Targets for August 7–14, 2014
Naked eye and Binoculars: Corona Borealis
Small telescope: Globular cluster M9
Large telescope: The Lobster Nebula (NGC 6357)
This week’s naked-eye object is the small but relatively bright constellation Corona Borealis the Northern Crown.
Three constellations border Corona Borealis: Boötes, Hercules, and Serpens. The Northern Crown is not a large constellation. It covers only 179 square degrees of sky, which is about 0.4 percent. Its size ranks it 73rd out of the 88 constellations in terms of area that cover the sky.
But what Corona Borealis lacks in size it makes up for in brightness. It ranks as the 11th-brightest star pattern. Twenty-two of its stars are more luminous than magnitude 5.5.
The constellation contains one star in the list of top 200 brightest: Alphecca (Alpha [α] Coronae Borealis) ranks 65th, and shines at magnitude 2.2. Some refer to this star as Gemma. The only other named star in Corona Borealis is magnitude 3.7 Nusukan (Beta [β] Coronae Borealis).
The best time of year to see this constellation is late spring, but it remains easy to see through the summer. It lies opposite the Sun’s position in the sky May 19. Conversely, the Sun lies in Corona Borealis’ part of the sky around November 18, making this a poor time to observe it.
Corona Borealis is completely visible to anyone located north of latitude 50° south. The only places it can’t be seen at all lie south of latitude 64° south.
A seldom-observed globular
This week’s small-telescope target is globular cluster M9 in Ophiuchus. It shines just outside naked-eye range at magnitude 7.6, and it measures 9.3′ across.
The ninth entry on Charles Messier’s fabled list lies 3.5° southeast of magnitude 2.4 Eta (η) Ophiuchi and just east of dark nebula Barnard 64. The nearness of this obscuring cloud of dust probably reduces M9’s light by a full magnitude.
Through a 4-inch telescope at 200x, you’ll note the cluster’s bright, broad, irregularly illuminated central region. M9’s edge looks irregular even at lower magnifications. The core appears slightly oval with a north-south orientation.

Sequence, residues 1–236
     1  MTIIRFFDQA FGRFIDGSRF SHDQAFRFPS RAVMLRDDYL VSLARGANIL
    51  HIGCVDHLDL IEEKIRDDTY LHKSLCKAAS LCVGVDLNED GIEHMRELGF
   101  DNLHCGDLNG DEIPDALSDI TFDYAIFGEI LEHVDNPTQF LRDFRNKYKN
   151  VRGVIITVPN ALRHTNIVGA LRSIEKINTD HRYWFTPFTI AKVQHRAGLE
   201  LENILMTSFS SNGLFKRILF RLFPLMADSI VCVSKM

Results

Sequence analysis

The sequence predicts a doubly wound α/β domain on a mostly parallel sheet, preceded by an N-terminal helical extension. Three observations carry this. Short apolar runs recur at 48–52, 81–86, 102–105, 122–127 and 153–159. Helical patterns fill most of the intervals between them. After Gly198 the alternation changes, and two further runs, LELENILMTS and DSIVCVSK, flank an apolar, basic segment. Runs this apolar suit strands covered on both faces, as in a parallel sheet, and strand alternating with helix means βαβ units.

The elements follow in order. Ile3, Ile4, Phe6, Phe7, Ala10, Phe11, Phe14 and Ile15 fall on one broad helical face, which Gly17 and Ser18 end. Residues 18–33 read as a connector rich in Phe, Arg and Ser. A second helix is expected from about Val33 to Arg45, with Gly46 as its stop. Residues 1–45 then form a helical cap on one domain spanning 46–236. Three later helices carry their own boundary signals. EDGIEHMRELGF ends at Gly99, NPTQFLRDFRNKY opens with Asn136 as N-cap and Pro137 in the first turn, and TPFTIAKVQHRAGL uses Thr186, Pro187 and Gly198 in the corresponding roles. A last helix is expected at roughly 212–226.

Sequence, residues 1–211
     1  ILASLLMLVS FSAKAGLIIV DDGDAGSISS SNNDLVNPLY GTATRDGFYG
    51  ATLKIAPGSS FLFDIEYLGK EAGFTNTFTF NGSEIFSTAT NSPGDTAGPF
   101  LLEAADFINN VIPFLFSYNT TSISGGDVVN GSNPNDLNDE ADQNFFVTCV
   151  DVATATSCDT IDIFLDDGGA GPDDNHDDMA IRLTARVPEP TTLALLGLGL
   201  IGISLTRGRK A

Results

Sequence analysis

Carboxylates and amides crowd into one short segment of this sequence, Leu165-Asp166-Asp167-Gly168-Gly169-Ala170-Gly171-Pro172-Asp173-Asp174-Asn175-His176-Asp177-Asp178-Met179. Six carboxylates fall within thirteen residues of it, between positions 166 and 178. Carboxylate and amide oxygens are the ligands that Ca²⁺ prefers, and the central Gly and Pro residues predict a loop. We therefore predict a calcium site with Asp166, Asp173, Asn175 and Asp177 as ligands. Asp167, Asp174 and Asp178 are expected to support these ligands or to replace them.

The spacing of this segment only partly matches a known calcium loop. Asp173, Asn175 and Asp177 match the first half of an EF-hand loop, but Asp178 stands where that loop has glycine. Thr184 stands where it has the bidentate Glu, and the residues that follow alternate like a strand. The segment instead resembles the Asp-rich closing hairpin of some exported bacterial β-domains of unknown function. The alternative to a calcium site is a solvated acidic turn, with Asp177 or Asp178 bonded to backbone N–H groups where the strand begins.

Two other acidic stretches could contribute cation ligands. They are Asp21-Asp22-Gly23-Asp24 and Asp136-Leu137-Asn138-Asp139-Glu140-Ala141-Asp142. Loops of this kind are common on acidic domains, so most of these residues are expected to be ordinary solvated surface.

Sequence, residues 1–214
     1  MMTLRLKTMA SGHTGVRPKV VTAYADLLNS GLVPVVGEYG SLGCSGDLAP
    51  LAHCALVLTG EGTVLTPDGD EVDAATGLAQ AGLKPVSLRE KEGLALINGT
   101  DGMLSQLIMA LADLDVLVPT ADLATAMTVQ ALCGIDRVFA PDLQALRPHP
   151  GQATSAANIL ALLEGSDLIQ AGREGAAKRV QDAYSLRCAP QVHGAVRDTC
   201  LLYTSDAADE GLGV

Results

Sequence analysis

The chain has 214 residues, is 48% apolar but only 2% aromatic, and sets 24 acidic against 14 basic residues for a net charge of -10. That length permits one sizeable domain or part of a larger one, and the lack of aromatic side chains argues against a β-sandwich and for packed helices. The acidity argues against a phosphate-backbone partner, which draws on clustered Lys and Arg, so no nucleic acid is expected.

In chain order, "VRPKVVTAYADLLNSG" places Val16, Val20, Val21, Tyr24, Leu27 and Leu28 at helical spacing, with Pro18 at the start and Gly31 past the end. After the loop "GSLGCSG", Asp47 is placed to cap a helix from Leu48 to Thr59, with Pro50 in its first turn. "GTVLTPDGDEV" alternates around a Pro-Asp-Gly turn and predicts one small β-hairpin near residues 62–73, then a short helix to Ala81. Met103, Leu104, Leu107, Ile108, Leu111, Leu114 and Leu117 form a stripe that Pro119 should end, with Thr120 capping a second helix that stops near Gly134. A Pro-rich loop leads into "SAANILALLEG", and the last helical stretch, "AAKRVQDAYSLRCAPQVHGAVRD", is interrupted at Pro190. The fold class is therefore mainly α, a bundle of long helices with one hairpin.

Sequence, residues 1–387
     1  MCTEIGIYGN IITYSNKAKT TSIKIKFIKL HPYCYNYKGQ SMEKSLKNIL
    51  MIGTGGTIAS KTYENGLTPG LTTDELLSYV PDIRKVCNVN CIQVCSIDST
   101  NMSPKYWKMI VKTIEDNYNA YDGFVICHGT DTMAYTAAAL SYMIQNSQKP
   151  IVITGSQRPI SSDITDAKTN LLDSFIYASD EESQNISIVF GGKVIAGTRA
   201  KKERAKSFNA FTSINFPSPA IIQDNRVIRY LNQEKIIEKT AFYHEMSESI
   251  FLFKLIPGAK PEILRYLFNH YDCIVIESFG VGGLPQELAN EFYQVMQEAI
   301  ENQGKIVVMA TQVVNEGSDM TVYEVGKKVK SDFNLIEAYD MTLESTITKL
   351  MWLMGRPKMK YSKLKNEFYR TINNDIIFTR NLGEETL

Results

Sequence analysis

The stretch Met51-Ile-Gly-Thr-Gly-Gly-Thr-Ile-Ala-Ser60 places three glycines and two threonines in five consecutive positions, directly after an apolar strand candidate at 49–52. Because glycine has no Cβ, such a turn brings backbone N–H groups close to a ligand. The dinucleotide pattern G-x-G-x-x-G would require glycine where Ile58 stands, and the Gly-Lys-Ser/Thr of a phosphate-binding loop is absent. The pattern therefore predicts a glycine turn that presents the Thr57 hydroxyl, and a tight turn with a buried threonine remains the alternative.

This week’s large-telescope target is the Lobster Nebula in Scorpius. Also known as the War and Peace Nebula, this emission nebula’s catalog designation is NGC 6357.
Whatever you call it, you’ll find this great object 3.3° north-northwest of magnitude 1.6 Shaula (Lambda [λ] Scorpii). It measures 25′ across, giving it an area 65 percent as large as the Full Moon.
Sir John Herschel discovered and cataloged the Lobster Nebula in 1837, during his 4-year stay at the Cape of Good Hope.
The nebula attained one of its names because of its appearance in mid-infrared wavelengths as seen by Midcourse Space Experiment (MSX) scientists. They worked for the Ballistic Missile Defense Organization, of which the MSX satellite was an experiment. They said the bright portion of the nebula, to the northwest, looked like a dove, while the mid-infrared filaments to the east seemed to trace out a human skull. You can still see the “dove” in the 2MASS near-infrared image, but the “skull” is not nearly as apparent as in the MSX image.
NGC 6357 surrounds the magnitude 9.6 open cluster Pismis 24. Some of this cluster’s bright blue stars are among the most massive ever discovered. For example, astronomers using the Hubble Space Telescope discovered a double star weighing 100 solar masses.
Although the apparent size of the Lobster Nebula — 25′ — is 65 percent of the Full Moon, through an 11-inch telescope you’ll see only one-tenth its extent. The nebula’s brightest region lies to the west of center. Use a nebula filter to improve the view. Note the four 7th-magnitude stars in a line south of the nebula. The northernmost, magnitude 7.1 SAO 208790, lies atop NGC 6357’s center.
Expand your observing at Astronomy.com
Check out Astronomy.com’s interactive StarDome to see an accurate map of your sky. This tool will help you locate this week’s targets.
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